"Fire the manager" are the three easiest words to utter in baseball when things aren't going well. Pulling the trigger on such a move doesn't happen as often as the idea is said. But, historically, what occurs after it does? Better results that season? Worse? The same? Is this is trope or solution?

We’re here because of the Nationals’ ongoing spiral. They come into Wednesday seven games under .500, only in front of the trying-to-lose Miami Marlins in the National League and with one more win than the strip-mined Baltimore Orioles. 

There are caveats to the Nationals’ current state which exist outside of the manager: injuries, roster construction, general player under-performance. Those same caveats can apply when trying to look at what happens after a manager is fired and someone new takes over in the middle of the season. Did the roster become healthy? Did talent move to where it should have been in the first place?

In all, history shows it’s rare for a team to make a large turnaround after firing a manager during the season. It’s more rare for that team to win the World Series.

The Nationals have gone through this twice in their existence. Once by team choice, the other time by Jim Riggleman’s choice. 

In 2009, Manny Acta was fired on July 13. Washington was 26-61 and light years away from current expectations. Riggleman took over. The team went 33-42 under him, which was enough to earn him a return until he decided to walk away amid a winning streak in 2011 because of a contract dispute. The Nationals were 38-37. John McLaren went 2-1 as the interim manager. Davey Johnson finished the season 40-43. So, in those two instances, a bad team improved when the manager changed from Acta to Riggleman. A .500 team stayed about the same after Riggleman left.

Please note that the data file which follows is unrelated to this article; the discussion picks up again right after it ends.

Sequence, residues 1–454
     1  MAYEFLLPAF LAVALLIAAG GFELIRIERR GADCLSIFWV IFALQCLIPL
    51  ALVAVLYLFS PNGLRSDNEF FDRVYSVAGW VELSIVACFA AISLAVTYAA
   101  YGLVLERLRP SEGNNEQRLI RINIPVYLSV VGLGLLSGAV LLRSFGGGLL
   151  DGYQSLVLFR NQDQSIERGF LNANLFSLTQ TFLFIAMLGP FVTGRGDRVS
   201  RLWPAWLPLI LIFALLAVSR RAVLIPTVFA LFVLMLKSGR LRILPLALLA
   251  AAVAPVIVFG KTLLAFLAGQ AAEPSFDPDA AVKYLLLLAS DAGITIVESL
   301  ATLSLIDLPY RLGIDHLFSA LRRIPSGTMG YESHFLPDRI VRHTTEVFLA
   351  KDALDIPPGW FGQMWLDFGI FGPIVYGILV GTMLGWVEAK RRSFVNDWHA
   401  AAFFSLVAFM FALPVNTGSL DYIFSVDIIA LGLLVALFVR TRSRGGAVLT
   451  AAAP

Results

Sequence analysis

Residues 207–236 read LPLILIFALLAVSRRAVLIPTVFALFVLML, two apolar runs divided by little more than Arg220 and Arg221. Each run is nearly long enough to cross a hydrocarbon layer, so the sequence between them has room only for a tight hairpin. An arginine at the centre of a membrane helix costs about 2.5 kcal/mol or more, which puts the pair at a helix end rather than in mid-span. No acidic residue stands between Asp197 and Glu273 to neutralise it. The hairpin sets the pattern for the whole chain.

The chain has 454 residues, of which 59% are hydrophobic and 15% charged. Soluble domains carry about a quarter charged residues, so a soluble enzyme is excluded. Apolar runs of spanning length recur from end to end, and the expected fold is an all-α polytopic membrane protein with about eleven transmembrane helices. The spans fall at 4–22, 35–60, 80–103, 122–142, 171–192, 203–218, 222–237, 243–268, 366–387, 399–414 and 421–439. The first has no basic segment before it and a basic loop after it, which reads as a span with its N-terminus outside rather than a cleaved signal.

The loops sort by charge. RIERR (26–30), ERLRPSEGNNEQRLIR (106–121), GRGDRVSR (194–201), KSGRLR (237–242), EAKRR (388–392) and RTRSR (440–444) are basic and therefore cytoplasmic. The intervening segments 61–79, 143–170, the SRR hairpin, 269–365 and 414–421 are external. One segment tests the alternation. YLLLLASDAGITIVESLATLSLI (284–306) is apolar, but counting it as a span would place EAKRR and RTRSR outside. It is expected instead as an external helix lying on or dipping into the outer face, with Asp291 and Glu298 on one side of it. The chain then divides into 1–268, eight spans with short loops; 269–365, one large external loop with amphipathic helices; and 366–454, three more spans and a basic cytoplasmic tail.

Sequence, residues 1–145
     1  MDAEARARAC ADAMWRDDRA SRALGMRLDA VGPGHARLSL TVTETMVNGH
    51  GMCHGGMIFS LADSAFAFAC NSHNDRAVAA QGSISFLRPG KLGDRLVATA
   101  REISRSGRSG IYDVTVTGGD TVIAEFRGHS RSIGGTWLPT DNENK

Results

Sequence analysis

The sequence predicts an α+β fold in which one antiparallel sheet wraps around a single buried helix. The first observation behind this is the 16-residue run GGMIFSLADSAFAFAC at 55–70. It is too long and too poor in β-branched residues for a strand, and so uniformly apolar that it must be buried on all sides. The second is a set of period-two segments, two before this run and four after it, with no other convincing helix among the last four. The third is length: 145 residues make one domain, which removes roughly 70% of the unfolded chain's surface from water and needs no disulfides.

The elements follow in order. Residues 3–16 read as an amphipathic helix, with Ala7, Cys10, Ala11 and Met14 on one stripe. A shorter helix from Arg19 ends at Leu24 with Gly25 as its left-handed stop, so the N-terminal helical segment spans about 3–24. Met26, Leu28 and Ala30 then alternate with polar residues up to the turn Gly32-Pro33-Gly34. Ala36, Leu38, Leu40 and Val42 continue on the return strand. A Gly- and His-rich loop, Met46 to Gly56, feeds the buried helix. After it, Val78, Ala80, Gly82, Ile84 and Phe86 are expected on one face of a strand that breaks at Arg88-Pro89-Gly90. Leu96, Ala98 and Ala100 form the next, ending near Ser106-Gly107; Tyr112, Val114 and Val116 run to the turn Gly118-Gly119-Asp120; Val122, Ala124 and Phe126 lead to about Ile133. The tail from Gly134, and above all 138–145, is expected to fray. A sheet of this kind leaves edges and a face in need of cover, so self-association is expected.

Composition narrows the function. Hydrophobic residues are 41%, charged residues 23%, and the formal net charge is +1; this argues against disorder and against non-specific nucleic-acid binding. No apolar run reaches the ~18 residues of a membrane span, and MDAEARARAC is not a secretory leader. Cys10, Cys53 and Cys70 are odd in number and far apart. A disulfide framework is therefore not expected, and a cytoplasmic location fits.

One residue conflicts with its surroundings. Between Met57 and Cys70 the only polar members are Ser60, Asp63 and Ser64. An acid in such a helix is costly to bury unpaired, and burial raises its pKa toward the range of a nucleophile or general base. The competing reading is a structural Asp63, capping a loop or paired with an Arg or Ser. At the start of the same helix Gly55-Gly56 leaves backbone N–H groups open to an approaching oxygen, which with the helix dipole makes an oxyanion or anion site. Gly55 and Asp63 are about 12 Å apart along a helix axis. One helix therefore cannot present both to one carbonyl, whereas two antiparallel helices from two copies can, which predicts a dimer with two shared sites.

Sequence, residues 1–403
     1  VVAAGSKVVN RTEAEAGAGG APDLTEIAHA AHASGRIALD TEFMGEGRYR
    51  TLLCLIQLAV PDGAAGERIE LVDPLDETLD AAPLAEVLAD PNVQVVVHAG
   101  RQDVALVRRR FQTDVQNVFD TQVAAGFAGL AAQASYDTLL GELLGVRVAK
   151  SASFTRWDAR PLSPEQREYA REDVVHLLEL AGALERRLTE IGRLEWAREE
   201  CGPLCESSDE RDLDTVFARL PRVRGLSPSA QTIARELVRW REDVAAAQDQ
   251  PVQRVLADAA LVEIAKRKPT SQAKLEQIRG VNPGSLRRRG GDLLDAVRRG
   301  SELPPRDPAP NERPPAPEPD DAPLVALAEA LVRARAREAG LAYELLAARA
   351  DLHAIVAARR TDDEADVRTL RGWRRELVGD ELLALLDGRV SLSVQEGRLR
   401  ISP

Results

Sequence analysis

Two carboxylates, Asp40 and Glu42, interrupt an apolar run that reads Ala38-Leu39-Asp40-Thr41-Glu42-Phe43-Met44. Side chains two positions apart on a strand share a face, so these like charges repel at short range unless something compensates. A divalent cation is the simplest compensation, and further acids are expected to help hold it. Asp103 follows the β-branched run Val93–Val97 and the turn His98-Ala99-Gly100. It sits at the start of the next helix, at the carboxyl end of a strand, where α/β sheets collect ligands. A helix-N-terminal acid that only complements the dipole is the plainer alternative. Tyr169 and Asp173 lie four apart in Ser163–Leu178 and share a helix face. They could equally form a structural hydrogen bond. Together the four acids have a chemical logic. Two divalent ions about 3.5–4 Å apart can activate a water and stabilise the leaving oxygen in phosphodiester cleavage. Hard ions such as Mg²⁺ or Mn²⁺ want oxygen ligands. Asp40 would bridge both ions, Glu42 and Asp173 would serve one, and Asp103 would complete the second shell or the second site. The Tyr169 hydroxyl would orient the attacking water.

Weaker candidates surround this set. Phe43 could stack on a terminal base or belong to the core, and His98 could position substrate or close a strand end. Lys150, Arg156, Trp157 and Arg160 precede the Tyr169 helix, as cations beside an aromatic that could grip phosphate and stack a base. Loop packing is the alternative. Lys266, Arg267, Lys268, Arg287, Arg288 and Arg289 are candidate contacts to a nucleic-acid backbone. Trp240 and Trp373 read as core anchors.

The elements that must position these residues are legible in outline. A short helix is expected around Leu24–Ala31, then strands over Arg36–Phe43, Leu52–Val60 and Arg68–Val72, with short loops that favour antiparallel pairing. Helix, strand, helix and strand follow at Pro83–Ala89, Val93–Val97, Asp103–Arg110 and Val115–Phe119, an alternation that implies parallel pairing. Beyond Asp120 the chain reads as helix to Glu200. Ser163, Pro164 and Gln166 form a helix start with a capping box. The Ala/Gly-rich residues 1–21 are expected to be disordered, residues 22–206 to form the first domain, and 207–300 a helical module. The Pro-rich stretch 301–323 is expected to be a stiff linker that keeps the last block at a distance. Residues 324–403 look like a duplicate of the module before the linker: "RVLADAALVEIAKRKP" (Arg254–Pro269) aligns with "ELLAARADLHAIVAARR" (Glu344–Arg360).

Two extremes outliers exist in this discussion: the 1978 New York Yankees and 2003 Miami Marlins. 

Rambunctious Billy Martin was 52-42 before resigning (he was expected to be fired, so he stepped aside first). Bob Lemon took over. New York finished 48-20 and won the World Series (which the Yankees had also won the year before and appeared in two seasons prior while Martin was manager).

In Miami, when it was trying to win, Jeff Torborg was 16-22. Jack McKeon -- now a senior advisor in the Nationals franchise -- finished 75-49 and won the World Series. Miguel Cabrera was called up after McKeon took over. He finished fifth in Rookie of the Year voting.

Miami and an already-loaded Yankees team are the only two teams to make a midseason managerial change and win the World Series. The 2003 Marlins are the only team to miss the playoffs the year before, make a managerial change in the next season, then win the World Series in more than a century of professional baseball. 

Another significant turnaround occurred in Colorado in 2009. Clint Hurdle was fired following an 18-28 start. Jim Tracy replaced him. Colorado went 74-42 and made the playoffs. The year before, Colorado was 74-88 following a 90-win season and a World Series appearance.

The 2010 Orioles went from Dave Trembley (15-39) to Juan Samuel (17-34) before Buck Showalter (34-23) was hired. Baltimore excelled in tight games under Showalter, who is currently out of baseball. It was eight games over .500 in August and September combined despite outscoring opponents by just 17 runs. However, the Orioles won just 69 games the next season. 

So, major turnarounds are more outlier than common. Of the 80 midseason changes since 1987 resulting from firings, only 19 teams (23.8 percent) played better than .500 baseball and only five (6.3 percent) made the postseason. 

Which means it’s important to remember two things when uttering the phrase, “fire the manager”: someone has to replace him, and, historically, it makes little difference when done during the season.